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"One man with courage makes a majority." - Andrew Jackson Whether you are about to begin a new job, undergo surgery, or ask your boss for a raise, possessing courage will help you face these battles. A Call for Courage contains more than 175 quotes from the presidents of the United States on the subject of courage. "America was not built on fear. America was built on courage, on imagination and an unbeatable determination to the job at hand." - Harry Truman "A strong nation, like a strong person, can afford to be gentle, firm, thoughtful, and restrained. It can afford to extend a helping hand to others. It's a weak nation, like a weak person, that must behave with bluster and boasting and rashness and other signs of insecurity." - Jimmy Carter A Call for Courage is a wonderful gift for anyone facing a challenge - be it fear of war or simply moving away from home.
Few of us spend much time thinking about courage, but we know it when we see it--or do we? Is it best displayed by marching into danger, making the charge, or by resisting, enduring without complaint? Is it physical or moral, or both? Is it fearless, or does it involve subduing fear? Abner Small, a Civil War soldier, was puzzled by what he called the "mystery of bravery"; to him, courage and cowardice seemed strangely divorced from character and will. It is this mystery, just as puzzling in our day, that William Ian Miller unravels in this engrossing meditation. Miller culls sources as varied as soldiers' memoirs, heroic and romantic literature, and philosophical discussions to get to the heart of courage--and to expose its role in generating the central anxieties of masculinity and manhood. He probes the link between courage and fear, and explores the connection between bravery and seemingly related states: rashness, stubbornness, madness, cruelty, fury; pride and fear of disgrace; and the authority and experience that minimize fear. By turns witty and moving, inquisitive and critical, his inquiry takes us from ancient Greece to medieval Europe, to the American Civil War, to the Great War and Vietnam, with sidetrips to the schoolyard, the bedroom, and the restaurant. Whether consulting Aristotle or private soldiers, Miller elicits consistently compelling insights into a condition as endlessly interesting as it is elusive.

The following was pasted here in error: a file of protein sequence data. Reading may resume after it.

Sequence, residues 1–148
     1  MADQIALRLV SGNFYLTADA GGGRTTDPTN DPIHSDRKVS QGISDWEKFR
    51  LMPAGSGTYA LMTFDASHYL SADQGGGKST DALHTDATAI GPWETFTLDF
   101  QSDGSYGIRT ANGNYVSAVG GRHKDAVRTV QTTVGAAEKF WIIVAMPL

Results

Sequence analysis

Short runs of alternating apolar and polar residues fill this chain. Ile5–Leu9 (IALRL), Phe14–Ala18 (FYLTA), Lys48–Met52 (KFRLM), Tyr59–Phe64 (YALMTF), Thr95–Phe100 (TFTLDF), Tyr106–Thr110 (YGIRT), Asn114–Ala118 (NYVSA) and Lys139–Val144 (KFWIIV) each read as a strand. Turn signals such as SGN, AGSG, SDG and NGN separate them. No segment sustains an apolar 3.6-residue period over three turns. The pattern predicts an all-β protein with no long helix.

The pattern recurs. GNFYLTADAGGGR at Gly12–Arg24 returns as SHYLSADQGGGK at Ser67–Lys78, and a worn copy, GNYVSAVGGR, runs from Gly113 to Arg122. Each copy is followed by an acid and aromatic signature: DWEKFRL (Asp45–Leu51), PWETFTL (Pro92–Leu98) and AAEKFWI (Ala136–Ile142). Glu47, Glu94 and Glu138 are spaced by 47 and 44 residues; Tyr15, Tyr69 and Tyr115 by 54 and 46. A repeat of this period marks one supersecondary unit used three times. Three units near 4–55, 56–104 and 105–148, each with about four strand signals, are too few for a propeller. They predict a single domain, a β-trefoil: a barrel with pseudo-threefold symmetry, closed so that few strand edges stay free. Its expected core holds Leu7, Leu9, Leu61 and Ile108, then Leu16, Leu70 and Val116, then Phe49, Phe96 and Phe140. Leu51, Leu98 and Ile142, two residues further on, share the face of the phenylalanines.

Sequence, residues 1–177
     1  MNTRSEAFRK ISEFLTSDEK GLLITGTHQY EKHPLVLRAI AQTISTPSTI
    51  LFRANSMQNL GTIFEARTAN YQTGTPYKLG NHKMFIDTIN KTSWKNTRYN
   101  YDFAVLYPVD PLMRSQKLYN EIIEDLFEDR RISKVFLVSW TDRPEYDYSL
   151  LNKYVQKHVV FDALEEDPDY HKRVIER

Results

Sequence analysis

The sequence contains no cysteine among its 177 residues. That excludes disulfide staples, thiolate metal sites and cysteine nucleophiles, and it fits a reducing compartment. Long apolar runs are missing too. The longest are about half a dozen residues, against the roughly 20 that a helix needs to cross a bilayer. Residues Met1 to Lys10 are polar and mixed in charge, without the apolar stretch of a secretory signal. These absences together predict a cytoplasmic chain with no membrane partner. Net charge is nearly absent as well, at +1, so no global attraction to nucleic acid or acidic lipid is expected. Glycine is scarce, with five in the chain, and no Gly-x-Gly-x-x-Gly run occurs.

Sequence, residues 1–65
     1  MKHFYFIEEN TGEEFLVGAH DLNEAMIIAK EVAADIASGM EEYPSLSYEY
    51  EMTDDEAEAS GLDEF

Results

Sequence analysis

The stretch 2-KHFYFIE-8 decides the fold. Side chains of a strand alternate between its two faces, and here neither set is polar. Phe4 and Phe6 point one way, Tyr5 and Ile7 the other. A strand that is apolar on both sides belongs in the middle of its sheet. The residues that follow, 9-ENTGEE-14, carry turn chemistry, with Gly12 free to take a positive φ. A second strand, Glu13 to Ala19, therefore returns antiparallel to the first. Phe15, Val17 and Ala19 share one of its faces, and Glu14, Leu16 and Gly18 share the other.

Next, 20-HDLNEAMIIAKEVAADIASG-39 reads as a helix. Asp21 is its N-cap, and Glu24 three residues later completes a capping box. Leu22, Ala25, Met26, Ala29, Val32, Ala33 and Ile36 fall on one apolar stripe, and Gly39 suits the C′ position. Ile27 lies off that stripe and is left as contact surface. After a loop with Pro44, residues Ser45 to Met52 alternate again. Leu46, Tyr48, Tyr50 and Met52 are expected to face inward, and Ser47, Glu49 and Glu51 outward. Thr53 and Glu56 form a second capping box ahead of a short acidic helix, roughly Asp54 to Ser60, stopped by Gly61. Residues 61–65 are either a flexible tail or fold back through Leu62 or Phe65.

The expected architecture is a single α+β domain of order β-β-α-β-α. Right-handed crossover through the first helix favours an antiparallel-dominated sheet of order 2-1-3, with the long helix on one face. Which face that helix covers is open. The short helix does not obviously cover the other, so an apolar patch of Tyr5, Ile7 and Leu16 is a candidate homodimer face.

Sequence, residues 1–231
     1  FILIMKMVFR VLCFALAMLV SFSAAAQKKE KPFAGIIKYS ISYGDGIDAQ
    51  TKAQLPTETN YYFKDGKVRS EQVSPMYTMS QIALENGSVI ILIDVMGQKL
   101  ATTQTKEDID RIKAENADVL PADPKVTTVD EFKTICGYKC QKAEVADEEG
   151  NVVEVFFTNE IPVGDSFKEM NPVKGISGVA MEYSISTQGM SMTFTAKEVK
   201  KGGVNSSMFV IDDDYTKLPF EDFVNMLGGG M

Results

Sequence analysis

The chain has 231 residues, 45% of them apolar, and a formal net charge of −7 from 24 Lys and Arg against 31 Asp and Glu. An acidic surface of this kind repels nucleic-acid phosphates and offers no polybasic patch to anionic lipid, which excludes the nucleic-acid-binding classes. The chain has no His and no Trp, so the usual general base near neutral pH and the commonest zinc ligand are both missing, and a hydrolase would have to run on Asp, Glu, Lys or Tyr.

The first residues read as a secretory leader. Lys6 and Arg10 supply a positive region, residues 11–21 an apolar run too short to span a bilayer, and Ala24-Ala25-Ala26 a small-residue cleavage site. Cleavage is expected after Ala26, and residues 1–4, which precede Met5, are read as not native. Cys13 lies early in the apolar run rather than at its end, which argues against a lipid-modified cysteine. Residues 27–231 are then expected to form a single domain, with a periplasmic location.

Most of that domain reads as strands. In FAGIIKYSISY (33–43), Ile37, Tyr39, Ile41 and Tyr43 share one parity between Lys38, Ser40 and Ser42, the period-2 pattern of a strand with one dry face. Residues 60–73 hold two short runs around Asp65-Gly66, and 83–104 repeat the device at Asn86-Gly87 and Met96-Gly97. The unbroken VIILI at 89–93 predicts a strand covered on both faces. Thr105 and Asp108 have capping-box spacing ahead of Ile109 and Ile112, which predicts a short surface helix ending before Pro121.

A chronicle of the two-and-a-half year journey of Lewis and Clark covers their incredible hardships and the contributions of Sacajawea
The Year is 1950. In the North Atlantic west of Ireland the destinies of two ships fuse. One, an English tramp, breaks apart in a winter storm. Five survivors cling to the wreckage. Chance puts the novel's central character--an officer of a nearby liner--at the helm of a boat that must battle its way through the mountainous waves in a desperate attempt to reach the castaways. In this evocation of the life of the sea, author Alan Littell has created a world of isolation, frailty and endurance whose overarching theme is the test of courage.
This guide is a welcome resource for those who wish to extend their exploration beyond just reading "The Courage to Teach," individually or within a study group. Includes a DVD featuring an interview with Parker Palmer discussing the crisis in education, the heart of a teacher, ways of knowing, and more.
During his service in the Civil War a young Union soldier matures to manhood and finds peace of mind as he comes to grips with his conflicting emotions about war.

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